Pharmacist in Charge – Pharmacy Care Concepts Stockton, California
As someone who was heavily involved in school extracurricular activities, I found myself seeking more challenges for professional engagement and development after school. My curiosity to expand and grow beyond my pharmacy doors and also as a person and leader became more evident the more time I spent at work. Although my job was challenging, I felt like it was not enough to stay within the closed borders of my small pharmacy and sought a different avenue to have a wider scope of impact.
One of my new year’s resolutions was to become a better leader and manager for my staff, and I continuously sought relevant books on leadership, self-development, and better managing styles. They have proven to be useful, however, not having anyone to discuss the ideas with or “pick brains” with was unproductive. One of my staff pharmacists encouraged me to apply to Leadership Development Institute as she had just completed the program, and she conveyed her satisfaction and new ability to discover one’s consciousness as a person and leader which is exactly what I was looking for.
The same pharmacist/friend who recommended me for LDI recalled an organization I had started and been fervently passionate about during our times in pharmacy school called Pacific Outreach for Youth Services and Education (POYSE) at University of the Pacific. One of my long-term goals has been to develop POYSE to become an official non-profit to further expand and support the successful methodology behind the organization. I essentially started POYSE during pharmacy school to increase health awareness amongst the community’s youth and elevate higher education resources in the community. As a Stockton native, I saw the life changing effects education allowed to positively direct the course of one’s success, and I wanted to share this with the community that could use more resources and role models for better access to higher education.
Through the LDI program, I was able to engage with other pharmacy leaders who had similar conflicts in work and life balance, and we were able to constructively share our thoughts and processes during the past year. We delved into discussions regarding our infinite resources of articles, books, and videos on leadership and were able to develop a camaraderie that allowed us to grow amongst leaders and now friends. I initially struggled to find a project that was fulfilling to me because I wanted to choose something more relevant to pharmacy, but in truth, observing and satisfying your whole self’s passions into a project that matters personally to you is what will drive the success of your project. Throughout the LDI process through the development of self, passion, and leadership, I found myself returning to the POYSE project because at the heart of my goals, it was highest priority of my long-term mission to continuously give back to broader communities. I learned that becoming a pharmacist is only one portion of who you are, and it is equally important to keep up with your other life’s passions and goals.
My long-term goal would be for POYSE to have a presence in numerous communities so that the youth in disadvantaged cities will make talking about higher education a norm and consider the benefits of thinking about living healthy lifestyles early on. The organization has already spread to multiple chapters and local high schools throughout Stockton since it started in 2012. Our slogan is “Elevation through Education” and by providing role models, resources, and a space for young leaders to encourage each other to be more engaged in the health of their communities and their own education, I truly believe communities will be a better place as we cultivate the leadership potential from our youth. Not only is this method coming from within the community by allowing the youth to develop their own leadership potentials, but the effects will be long lasting and sustainable.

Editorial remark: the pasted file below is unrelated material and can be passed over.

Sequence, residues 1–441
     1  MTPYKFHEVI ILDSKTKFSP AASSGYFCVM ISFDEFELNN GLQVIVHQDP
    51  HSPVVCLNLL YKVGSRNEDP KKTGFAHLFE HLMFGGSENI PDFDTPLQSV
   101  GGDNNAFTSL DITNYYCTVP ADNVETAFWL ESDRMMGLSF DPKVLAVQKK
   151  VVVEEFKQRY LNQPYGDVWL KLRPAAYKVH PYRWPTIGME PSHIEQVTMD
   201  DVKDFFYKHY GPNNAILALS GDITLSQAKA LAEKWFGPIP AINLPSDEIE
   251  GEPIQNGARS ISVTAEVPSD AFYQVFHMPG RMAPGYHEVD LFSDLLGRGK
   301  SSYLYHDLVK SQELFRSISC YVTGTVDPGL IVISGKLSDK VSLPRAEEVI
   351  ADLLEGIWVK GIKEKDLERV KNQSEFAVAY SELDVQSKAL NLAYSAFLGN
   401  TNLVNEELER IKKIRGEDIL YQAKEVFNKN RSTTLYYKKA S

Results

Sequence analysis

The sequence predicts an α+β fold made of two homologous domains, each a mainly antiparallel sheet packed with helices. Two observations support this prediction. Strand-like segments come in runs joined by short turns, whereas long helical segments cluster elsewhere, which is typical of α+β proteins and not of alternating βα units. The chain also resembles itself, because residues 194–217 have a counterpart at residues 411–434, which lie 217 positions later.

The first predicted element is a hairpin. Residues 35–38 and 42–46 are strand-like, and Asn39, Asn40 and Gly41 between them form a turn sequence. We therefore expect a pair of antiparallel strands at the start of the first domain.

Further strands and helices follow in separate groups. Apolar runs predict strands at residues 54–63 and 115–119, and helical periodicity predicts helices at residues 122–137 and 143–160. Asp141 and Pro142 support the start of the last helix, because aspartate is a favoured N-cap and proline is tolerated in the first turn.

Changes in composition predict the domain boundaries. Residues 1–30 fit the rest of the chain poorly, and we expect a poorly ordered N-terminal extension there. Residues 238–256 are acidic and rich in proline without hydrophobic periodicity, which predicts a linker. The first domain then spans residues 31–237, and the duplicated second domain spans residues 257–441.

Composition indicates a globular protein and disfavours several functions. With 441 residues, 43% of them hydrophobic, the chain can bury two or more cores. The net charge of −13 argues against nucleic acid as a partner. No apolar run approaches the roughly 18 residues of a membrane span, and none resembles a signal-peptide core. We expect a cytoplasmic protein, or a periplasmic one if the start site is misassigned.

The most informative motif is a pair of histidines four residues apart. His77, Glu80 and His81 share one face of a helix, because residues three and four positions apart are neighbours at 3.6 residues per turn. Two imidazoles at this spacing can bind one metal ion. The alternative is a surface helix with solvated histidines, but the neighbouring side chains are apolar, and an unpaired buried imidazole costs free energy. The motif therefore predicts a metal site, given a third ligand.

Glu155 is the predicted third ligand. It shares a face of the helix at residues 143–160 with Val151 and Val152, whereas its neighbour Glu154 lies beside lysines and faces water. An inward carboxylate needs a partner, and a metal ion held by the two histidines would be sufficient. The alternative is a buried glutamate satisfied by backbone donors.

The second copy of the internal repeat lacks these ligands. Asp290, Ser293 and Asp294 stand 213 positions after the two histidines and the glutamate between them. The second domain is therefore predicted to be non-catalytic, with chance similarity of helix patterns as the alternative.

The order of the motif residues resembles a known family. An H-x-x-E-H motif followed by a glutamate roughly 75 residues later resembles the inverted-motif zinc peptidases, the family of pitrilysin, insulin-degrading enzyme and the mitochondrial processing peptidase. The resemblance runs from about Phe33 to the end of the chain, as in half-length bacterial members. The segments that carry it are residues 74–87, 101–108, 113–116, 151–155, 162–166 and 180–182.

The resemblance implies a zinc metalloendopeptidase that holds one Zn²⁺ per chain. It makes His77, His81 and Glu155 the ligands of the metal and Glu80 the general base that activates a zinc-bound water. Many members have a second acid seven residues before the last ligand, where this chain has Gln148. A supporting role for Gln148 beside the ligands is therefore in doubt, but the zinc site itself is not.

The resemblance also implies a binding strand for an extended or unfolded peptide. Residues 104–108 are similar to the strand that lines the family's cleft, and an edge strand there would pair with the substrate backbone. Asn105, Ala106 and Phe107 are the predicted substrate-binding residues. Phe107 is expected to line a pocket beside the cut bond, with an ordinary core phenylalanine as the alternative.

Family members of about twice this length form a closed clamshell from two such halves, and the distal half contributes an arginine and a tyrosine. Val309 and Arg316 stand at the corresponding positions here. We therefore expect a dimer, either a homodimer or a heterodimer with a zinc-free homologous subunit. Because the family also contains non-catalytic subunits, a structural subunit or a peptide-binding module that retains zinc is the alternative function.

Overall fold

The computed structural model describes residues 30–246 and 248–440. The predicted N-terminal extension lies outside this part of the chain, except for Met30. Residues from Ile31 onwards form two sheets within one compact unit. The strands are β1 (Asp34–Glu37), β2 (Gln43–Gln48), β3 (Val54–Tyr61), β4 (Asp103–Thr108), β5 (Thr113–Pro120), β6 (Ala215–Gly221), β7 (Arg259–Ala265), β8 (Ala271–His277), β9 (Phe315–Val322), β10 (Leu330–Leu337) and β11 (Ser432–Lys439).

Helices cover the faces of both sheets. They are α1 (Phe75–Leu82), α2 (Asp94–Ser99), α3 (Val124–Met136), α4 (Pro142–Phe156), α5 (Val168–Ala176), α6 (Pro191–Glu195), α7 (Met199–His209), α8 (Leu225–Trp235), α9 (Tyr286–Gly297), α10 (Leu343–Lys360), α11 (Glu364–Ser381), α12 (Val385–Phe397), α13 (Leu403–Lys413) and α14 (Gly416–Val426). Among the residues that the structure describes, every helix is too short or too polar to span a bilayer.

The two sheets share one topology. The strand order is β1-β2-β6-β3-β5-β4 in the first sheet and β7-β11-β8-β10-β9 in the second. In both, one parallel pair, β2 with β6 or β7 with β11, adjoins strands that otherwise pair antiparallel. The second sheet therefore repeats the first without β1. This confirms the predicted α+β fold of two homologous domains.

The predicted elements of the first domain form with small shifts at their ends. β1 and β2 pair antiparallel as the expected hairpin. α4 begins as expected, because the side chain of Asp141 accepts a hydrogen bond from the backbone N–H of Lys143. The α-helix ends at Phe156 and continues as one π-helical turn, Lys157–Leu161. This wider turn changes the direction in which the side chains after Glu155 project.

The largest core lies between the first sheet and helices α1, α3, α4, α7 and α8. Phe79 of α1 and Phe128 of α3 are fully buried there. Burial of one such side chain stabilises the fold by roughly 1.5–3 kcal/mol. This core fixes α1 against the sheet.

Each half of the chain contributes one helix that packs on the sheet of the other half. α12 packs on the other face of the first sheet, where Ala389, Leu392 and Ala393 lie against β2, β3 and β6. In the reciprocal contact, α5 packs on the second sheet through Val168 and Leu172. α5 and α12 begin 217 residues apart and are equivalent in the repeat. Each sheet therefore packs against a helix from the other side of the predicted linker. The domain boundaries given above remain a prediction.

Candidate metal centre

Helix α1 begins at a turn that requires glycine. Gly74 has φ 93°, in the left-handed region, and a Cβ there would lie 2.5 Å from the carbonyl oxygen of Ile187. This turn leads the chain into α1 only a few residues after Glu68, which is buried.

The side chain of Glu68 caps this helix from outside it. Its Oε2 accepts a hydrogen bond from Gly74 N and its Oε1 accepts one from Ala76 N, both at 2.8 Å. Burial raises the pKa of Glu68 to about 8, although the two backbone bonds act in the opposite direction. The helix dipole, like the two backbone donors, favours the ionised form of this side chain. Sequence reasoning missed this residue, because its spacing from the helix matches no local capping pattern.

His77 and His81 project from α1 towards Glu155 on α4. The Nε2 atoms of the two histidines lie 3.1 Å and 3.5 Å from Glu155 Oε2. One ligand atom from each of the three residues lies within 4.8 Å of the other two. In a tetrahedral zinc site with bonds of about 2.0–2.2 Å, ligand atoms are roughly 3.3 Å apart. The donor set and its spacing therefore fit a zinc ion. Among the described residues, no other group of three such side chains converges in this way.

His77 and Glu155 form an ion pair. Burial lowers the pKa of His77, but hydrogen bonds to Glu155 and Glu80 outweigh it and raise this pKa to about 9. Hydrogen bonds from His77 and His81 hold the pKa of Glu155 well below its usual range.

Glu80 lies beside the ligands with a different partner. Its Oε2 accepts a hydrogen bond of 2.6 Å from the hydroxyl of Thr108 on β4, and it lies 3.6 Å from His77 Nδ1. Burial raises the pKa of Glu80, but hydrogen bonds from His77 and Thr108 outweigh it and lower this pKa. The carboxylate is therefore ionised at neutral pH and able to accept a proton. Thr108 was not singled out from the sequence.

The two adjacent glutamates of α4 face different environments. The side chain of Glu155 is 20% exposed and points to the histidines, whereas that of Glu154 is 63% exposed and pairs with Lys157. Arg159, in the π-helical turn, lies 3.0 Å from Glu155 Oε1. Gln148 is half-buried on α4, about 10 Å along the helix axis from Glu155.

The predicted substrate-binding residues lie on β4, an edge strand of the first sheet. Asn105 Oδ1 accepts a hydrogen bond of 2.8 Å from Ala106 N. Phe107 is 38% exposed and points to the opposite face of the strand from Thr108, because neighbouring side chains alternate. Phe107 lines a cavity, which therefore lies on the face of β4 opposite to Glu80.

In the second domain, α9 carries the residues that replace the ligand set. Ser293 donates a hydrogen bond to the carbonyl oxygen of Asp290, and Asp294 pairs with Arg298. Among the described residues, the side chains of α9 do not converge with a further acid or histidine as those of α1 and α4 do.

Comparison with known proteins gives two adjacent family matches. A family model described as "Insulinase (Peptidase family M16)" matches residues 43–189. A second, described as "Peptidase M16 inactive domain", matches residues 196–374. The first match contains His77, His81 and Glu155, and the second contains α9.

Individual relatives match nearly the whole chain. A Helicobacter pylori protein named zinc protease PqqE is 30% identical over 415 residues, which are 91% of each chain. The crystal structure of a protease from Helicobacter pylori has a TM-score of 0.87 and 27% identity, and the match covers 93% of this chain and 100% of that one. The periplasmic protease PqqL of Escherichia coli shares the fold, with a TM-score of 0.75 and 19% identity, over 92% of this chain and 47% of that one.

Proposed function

Don’t get me wrong—I love pharmacy, and I love my job (all of it: my co-workers, my impact in our company, the great work we do for patients in long-term care); but as part of LDI, I was encouraged to take a step back and ask, “what else am I missing from my personal self?” I was able to journey back to something that mattered deeply to me. By better aligning with my VISN (values to give back to community, interest to share my educational experience to elevate others in their lives, utilize my community organizing and leadership strengths, and fulfill my need to make a direct impact on my community), I found my way back to a personal passion of mine to take off.
I finally submitted filing for the non-profit status for POYSE and hope to take the leadership development skills I gained through this LDI experience with me in my career and further into other areas of my life’s work. If there are moments I am discouraged, I think about the impact POYSE has already had with the organization’s high school students hosting their own educational workshops for lower classmen to better excel and the potential for possibly a POYSE Leadership Development Group for our younger communities in the future to continue the art of developing leadership throughout communities.
Aside from meeting wonderful leaders in the pharmacy world, LDI taught me that leadership is an art and a continuous learning process. The most important gifts to give someone is knowledge and resources to help them grow, and LDI leaders provided recommendations and access to some of the best literary leadership resources available. One of the first pieces we were introduced to was a video titled, “A Cautionary Word on the Deferred Life Plan” by Randy Komisar that iterates failing to do what you believe in is a deferred life plan. By experiencing LDI, I was better able to identify my true calling of what mattered personally and finally took the steps to get it done.